The Jewish community has been in perpetual denial for a long time, and the situation has improved only microscopically over the past several decades. Focusing on opioids diverts the attention needed to alcohol abuse, which has reared its ugly head after having been unnoticed for a while. It is easy in many shuls for men or boys to come home from a kiddush completely wrecked. DUI arrests are estimated to be about one out of every 70 instances in which someone is driving under the influence. Granted, Shabbos might be a respite from that, but the safety of our roads is heavily impacted.
Since the frum community is expert and experienced at hiding much, it is easy to see why denial and secrecy keeps this subject away from our media. Our awareness is limited. The classic denial messages include, “It doesn’t happen here”, “It’s not really that bad”, “Aw c’mon, people need a break, let them have a drink”, etc. I have yet to find a basis to allow a Kiddush Club in any shul anywhere. It is a goyish event, even if it follows musaf, rather than the typical mid-musaf party. Peruse what occurs in the average frum liquor store. Watch the volumes of expensive liquors flying off the shelves. Watch how many people kiddush hop, risking being present and sober for the Shabbos seuda. I do, and it frightens me all the time.
If parents can imbibe liquor, why should the kids not partake of their drug of choice? What’s the modeled message?
If a kid gets arrested for drug possession, what should parents do? Bail him out and cover it up, or not?
BTW, death certificates are unlikely to specify drug overdose. Ask anyone who participates in the process. It will refer to cardiac arrest, respiratory arrest, etc., and does not need to identify the cause behind that. Thus, this information tells no one anything about the problem. Ask Hatzoloh, ask Amudim, ask doctors who regularly address these issues.
We have a crisis, and there is too little attention being paid to prevention and help.
Marijuana is not an opioid and at this point (e.g., in a few years it will be legal in most states) should receive the same (if not better) societal treatment as alcohol.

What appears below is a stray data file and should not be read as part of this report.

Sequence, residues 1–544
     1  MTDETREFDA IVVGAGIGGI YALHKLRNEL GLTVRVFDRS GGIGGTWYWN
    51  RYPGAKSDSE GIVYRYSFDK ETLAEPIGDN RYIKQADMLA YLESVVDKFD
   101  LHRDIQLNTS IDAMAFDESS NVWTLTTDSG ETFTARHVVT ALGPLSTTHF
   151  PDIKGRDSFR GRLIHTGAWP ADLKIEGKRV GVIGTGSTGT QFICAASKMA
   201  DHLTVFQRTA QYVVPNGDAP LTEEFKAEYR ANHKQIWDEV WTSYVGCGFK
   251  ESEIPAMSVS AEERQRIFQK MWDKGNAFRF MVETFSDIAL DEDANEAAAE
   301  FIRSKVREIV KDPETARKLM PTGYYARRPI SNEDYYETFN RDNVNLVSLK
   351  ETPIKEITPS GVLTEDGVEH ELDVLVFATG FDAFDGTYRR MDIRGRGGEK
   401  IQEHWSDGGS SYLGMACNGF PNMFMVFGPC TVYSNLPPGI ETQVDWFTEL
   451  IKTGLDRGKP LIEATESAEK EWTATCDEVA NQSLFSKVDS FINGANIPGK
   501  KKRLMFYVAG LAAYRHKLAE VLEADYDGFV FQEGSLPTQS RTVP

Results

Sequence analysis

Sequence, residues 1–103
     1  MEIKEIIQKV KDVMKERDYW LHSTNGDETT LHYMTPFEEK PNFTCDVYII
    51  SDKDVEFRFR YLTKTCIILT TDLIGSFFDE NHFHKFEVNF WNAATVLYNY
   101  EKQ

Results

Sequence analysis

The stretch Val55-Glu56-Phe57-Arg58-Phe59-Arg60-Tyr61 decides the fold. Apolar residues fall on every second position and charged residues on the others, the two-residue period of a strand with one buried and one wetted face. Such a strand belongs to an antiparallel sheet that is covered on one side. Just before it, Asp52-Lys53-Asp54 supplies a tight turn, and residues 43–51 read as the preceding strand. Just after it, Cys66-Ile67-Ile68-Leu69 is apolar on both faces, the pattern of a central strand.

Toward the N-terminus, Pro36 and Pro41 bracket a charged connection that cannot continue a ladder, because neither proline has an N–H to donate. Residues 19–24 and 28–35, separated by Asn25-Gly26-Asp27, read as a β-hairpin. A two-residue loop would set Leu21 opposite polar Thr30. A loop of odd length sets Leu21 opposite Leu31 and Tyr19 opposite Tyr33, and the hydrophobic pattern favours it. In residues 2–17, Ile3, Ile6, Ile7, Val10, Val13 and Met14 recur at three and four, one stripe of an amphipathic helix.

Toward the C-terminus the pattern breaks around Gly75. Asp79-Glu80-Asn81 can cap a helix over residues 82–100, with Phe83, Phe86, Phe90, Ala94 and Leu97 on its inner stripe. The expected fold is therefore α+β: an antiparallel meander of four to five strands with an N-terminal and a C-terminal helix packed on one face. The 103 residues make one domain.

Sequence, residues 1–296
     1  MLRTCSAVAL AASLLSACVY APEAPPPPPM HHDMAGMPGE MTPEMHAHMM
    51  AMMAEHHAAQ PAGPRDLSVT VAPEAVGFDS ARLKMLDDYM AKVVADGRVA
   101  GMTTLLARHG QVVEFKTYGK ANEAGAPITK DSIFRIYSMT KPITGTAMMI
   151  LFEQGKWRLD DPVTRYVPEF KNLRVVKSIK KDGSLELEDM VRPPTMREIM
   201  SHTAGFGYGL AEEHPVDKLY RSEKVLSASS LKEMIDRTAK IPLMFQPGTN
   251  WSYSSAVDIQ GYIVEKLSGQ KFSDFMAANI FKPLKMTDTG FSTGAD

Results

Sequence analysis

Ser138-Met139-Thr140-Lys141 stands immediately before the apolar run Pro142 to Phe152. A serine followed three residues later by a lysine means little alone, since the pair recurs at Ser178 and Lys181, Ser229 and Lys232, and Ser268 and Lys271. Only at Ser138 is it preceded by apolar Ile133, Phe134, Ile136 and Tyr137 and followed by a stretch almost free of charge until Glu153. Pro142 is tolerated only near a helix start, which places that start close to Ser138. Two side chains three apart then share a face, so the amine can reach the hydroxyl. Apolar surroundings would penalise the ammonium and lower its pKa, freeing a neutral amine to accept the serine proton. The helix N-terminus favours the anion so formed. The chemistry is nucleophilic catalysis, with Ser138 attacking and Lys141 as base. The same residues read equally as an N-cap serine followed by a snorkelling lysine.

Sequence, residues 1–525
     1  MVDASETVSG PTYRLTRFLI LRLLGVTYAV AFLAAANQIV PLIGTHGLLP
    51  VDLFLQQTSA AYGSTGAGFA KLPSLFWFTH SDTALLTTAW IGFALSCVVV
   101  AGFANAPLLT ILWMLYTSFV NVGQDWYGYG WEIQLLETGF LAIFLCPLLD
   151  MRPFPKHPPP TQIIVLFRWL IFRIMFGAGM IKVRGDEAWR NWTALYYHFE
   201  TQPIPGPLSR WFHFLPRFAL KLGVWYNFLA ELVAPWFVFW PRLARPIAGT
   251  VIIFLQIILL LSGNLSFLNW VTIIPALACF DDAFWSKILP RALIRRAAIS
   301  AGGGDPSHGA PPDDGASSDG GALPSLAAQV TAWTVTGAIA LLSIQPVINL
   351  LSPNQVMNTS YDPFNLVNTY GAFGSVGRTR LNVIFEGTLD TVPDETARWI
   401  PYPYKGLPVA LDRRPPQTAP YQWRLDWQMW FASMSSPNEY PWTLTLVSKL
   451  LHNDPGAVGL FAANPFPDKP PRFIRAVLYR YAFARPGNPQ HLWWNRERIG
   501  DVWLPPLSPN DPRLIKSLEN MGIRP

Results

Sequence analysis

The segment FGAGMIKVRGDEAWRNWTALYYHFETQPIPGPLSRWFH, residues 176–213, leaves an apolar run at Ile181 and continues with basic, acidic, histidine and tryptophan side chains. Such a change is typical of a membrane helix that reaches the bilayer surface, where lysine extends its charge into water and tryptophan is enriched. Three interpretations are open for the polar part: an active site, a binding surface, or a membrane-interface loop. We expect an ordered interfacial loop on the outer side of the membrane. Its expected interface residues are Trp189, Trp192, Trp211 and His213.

From the NIDA website: “Opioids are a class of drugs that include the illegal drug heroin, synthetic opioids such as fentanyl, and pain relievers available legally by prescription, such as oxycodone (OxyContin®), hydrocodone (Vicodin®), codeine, morphine, and many others.”
Your reference to men at a kiddush enjoying edibles is a sign of the “progressiveness” of the current times and can be viewed as very similar to men consuming hard alcohol (and by the way abuse of alcohol can be far more dangerous than abuse of marijuana); it has absolutely nothing to do with the “opioid crisis”.
Forgive me please for not feeling bad for a drug abuser who created his own mess. If you want to call it denial go ahead. Obviously I’m all for helping them but to put this problem on the community is not fair. I’ll take the liberty to quote the great Ronald Reagan (or was it Nancy?) “just say no to drugs”
I question whether the “Opioid Crisis” is just a phase of the ongoing “Drug Crisis”. There are unique issues to each of the abused drugs, and opioids have theirs which need to be addressed. Those I knew who were drug abusers defined their drug of choice as “More”. Today it’s the opiates, tomorrow it’s something else. If we limit the scope too much, we’ll excuse and miss what needs to be done about the other drugs of abuse.
You are correct in noting that marijuana is not an opioid. And, for the most part, it does not cause physical dependency. But the amount of impairment it causes is severe, though not dramatic. It lacks the flash of cocaine and opiates. But it basically gives a guarantee that one will fail to achieve his/her potential. That should be pretty bad, even if not newsworthy.
You might find it interesting and mind opening to attend some meetings of the substance based 12-step groups. Addictions are a disease. The role of personal responsibility was certainly there, but only at the beginning. Once inside the matter, the person has lost ability to control. The “Just Say No” message from the Reagan era (attributed to Nancy Reagan) has some a tiny window of effectiveness. The addict cannot say no. Not all addicts accept treatment, and that is unfortunate. But they are seriously ill.
Could someone please enlighten me as to what are “edibles”?
Explain please: Why is there DENIAL?
Anon21’s comment is the reason that community leaders have a hard time addressing this problem. They don’t view drug users as victims, but rather as people with a self inflicted problem. The community tends to view mental illness in the same way, as if the sufferer is to blame. Rather than have rachmanus, they judge. I give all the deniers a bracha that they should never feel the pain that brings a person to start doing drugs in the first place.
I think the reason the rabbi asked for the death certificate was not because he expected the death certificate to state that it was a drug overdose. I think his point was that since he didn’t hear of all these people passing away, it must not have happened. He won’t believe that they passed away unless someone saw the death certificates. (Which is quite closeminded if I am correct.)
Wow those numbers are staggering!
In order to raise awareness I would recommend a lot more specific and verifiable info.
People usually say that it’s not in their immediate community, so more details would be beneficial.
Thank you Amudim for being on the cutting edge of Klal Yisrael’s Issues. I commend you on going into the dirt to pick up our truly suffering brothers and sisters.